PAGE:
narrow definition, meaning - what is narrow in the British English Dictionary & Thesaurus - Cambridge Dictionaries Online

Cambridge Dictionaries online Cambridge Dictionaries online

The most popular online dictionary and thesaurus for learners of English

English definition of “narrow”

See all translations

narrow

adjective uk   /ˈnær.əʊ/  us   /-oʊ/

narrow adjective (SMALL WIDTH)

B1 having a small distance from one side to the other, especially in comparison with the length: a narrow bridge/passage/gap a narrow face narrow feet The little village has very narrow streets.
More examples

narrow adjective (LIMITED)

C2 mainly disapproving limited to a small area of interest, activity, or thought: They are unable to see beyond the narrow world of the theatre. It was regarded as a very narrow interpretation of the law.
See also

narrow adjective (ONLY JUST)

A narrow result is one that could easily have been different because the amount by which someone failed or succeeded was very small: The election was won by the very narrow margin of only 185 votes. The opposition had a narrow defeat. We won a narrow victory.a narrow escape C2 a situation in which you avoid danger although you very nearly do not: We got out in time but it was a narrow escape.
narrowness
noun [U] uk   us   /-nəs/

narrow

verb uk   /ˈnær.əʊ/  us   /-oʊ/

narrow verb (LESS WIDE)

C1 [I or T] to become less wide or to make something less wide: The road narrows after the bridge. He narrowed his eyes in suspicion. They have narrowed the focus of the investigation, to concentrate on younger adults.figurative We must strive to narrow the gap between rich and poor.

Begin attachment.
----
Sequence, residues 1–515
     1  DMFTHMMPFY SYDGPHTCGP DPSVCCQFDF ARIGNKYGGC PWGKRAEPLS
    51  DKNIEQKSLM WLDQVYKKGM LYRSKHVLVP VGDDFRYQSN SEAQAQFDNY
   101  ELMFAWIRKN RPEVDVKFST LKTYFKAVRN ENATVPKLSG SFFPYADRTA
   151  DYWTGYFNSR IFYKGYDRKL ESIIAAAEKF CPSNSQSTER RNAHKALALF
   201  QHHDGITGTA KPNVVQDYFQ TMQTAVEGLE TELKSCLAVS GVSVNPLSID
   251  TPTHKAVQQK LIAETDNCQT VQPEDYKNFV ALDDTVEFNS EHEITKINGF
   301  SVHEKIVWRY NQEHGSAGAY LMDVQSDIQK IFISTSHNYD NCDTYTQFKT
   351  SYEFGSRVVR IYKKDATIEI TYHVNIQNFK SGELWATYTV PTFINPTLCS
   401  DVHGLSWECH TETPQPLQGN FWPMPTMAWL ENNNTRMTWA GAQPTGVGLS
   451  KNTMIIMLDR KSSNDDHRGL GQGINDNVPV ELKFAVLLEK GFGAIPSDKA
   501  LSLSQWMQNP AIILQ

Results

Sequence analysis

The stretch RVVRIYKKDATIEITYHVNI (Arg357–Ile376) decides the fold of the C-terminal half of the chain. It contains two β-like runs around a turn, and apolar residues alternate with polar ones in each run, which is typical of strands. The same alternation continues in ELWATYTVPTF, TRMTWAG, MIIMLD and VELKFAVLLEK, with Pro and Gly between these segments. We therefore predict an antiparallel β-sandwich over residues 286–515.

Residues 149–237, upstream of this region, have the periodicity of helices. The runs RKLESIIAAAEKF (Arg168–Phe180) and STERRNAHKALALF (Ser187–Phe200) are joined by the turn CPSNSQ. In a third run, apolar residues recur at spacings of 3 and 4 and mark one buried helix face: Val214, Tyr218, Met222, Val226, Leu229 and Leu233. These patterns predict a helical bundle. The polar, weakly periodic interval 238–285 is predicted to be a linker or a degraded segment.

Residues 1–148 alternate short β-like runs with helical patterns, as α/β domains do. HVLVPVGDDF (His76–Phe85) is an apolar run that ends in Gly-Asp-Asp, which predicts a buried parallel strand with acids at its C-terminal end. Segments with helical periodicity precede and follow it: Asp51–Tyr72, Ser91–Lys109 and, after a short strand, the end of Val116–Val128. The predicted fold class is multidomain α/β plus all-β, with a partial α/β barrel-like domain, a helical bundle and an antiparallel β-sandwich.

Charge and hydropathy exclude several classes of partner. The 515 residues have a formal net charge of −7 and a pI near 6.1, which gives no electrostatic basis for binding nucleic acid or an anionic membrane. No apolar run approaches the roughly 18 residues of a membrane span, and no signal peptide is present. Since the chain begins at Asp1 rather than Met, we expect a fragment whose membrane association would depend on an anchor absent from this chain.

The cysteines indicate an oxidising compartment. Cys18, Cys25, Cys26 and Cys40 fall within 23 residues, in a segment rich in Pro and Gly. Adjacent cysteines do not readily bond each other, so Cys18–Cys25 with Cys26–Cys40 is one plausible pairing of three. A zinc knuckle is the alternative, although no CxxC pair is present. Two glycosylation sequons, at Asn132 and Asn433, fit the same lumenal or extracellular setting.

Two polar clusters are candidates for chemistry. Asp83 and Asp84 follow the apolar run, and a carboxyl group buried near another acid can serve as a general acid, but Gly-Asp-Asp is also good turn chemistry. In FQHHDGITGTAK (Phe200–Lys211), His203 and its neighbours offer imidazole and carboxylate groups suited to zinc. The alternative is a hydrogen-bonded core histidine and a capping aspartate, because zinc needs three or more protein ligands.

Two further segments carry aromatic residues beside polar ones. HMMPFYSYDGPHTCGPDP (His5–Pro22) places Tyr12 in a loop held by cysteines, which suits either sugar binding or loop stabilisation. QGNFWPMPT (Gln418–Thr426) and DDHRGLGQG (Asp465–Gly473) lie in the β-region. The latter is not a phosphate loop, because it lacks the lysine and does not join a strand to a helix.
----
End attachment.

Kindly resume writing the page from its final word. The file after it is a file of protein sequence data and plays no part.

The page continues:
narrow verb (LESS)

C2 [I] to become less: The retailer's loss narrowed to $3 million from $10 million a year earlier.
Phrasal verbs
(Definition of narrow from the Cambridge Advanced Learners Dictionary & Thesaurus © Cambridge University Press)
What is the pronunciation of narrow?
Add Cambridge dictionaries to your browser to your website

Definitions of “narrow” in other dictionaries

Word of the Day

extra time

a period of time in a sports game in which play continues if neither team has won in the usual time allowed for the game

Word of the Day

She’s got very good posture. (How we stand and sit)

by Liz Walter,
May 27, 2015
Recently on this blog, we looked at the words that we use to describe the way we move. This week we’re looking at words for describing our bodies when they are still, whether we are standing or sitting. Since most of us do far too much of this, let’s start with sitting.

Read More 

ancestral health noun

May 25, 2015
diet based on the presumed diet of our Palaeolithic ancestors ‘Ancestral health,’ to use a term popular among Paleo followers, has gone mass.

Read More